• the core courses listed above and
  • five additional 3-credit, Ph.D.-level, non-dissertation (i.e., not ISE 499) courses.

A “Ph.D.-level” course is a 400-level course that has been determined to be intended for Ph.D. students.  Students should consult with the ISE DGS about which 400-level courses are Ph.D.-level. (The determination is made by the instructor of the course, who informs the ISE DGS.)

Each elective (i.e., non-core) course can be taken within ISE or in another department.  In the latter case when a student wishes to use a Ph.D.-level course outside of ISE to cover a non-core course requirement, the student must obtain approval from their research advisor prior to registering for the course.

A “Readings” course (i.e.., ISE 461) cannot be used to cover any of these course requirements without prior approval from the ISE DGS.

For students who enter Lehigh with a Master’s degree, completion of the degree requires an additional 11 credits, totalling 48 credits.  Those entering without a Master’s degree need to complete an additional 35 credits, totalling 72 credits. These credits can be obtained via courses or dissertation (ISE 499) credits.

In case a student lacks the background necessary to pass a course, the student may be given permission by the ISE DGS to take a preparatory course, which may be below Ph.D.-level.  Students must seek approval to do this prior to registering for and taking the preparatory course. The credits for such a course may be used to fulfill the Ph.D. course requirements with prior approval from the ISE DGS.

For students who have taken a course at another institution equivalent to a core course: If a student has passed a course at another institution that the student believes is equivalent to a core course for the program, then the student may fulfill the course requirement by successfully passing an examination by the instructor of the core course in question. Note, however, that this does not reduce the required number of credits and the student will not receive formal credit for the course.  Any such examination(s) should be scheduled in consultation with the ISE DGS.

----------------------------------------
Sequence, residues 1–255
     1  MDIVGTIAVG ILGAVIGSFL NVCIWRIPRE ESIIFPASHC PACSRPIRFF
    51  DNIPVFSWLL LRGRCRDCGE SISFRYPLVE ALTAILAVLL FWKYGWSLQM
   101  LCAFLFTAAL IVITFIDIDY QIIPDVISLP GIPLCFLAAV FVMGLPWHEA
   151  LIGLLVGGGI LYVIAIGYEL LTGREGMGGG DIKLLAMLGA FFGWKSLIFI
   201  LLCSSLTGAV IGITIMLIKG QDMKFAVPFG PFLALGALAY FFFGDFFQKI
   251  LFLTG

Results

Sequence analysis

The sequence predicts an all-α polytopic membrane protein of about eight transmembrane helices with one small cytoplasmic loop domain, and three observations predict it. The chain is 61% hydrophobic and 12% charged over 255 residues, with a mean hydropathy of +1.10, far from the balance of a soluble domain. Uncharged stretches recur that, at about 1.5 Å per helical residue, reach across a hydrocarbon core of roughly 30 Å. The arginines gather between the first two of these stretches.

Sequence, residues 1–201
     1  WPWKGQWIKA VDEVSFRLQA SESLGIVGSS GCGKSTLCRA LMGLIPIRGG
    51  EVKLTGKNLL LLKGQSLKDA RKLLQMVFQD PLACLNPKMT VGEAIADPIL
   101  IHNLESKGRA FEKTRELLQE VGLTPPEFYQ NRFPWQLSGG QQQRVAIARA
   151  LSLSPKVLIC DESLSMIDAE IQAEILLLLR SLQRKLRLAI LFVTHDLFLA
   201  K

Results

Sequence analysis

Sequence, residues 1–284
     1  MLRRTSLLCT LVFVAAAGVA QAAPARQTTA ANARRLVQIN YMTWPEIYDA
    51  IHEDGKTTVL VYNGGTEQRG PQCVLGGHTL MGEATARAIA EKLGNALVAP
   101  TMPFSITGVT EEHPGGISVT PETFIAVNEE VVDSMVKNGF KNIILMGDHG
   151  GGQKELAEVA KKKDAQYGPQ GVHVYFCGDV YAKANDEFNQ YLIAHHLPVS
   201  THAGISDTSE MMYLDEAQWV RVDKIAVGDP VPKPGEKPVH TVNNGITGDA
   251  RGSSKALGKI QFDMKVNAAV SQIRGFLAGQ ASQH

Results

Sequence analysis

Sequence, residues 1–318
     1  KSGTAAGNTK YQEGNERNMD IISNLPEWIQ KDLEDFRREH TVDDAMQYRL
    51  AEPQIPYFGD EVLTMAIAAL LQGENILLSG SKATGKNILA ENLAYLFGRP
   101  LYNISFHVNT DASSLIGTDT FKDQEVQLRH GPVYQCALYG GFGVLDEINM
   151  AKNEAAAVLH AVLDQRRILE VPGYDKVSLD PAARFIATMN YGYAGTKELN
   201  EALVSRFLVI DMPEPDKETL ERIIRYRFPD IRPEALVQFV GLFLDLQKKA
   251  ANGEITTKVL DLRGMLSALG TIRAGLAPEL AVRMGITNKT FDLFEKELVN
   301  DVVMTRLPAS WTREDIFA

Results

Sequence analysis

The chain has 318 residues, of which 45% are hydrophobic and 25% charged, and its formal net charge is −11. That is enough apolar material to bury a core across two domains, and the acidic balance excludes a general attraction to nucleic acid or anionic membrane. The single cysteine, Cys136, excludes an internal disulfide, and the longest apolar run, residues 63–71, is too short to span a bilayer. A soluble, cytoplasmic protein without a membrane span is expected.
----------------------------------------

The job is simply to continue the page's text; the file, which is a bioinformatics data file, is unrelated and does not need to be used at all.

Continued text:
For students who have taken a Ph.D.-level course at Lehigh: If a student has passed any of the core courses or other Ph.D.-level courses at Lehigh prior to starting the ISE Ph.D. program, then these can be used to fulfill course requirements if approval is granted by the student’s research advisor and the ISE DGS.  Note, however, that this does not reduce the required number of credits for the Ph.D. program.

II. Qualifying Exam

Immediately following final exams at the end of the first year, all Ph.D. students must take the qualifying exam.  (The exam may be taken in a later semester only with the approval of the ISE DGS. Approval should be sought at least one month prior to the end of the Spring semester.)  The purpose of the exam is to:

  1. Test the student’s knowledge and strength in basic topics of Industrial and Systems Engineering.
  2. Assess the student’s ability to conduct original research.
  3. Assess the student’s ability to communicate, both orally and in writing.
  4. Test the student’s ability to apply the material from the core courses taken during the first year. 

All students taking the exam at the same time are presented with three (sets of) research questions.  Over a two-week period, the students are to study the questions and prepare a written report and an oral presentation with their answers to be presented to a committee of three faculty members.  These faculty members assess the student’s performance using an evaluation form that will be made available to the student(s) ahead of time, upon request. The results of the exam are either pass or fail. These results are used as input to the “first-year” review, described in Section III below.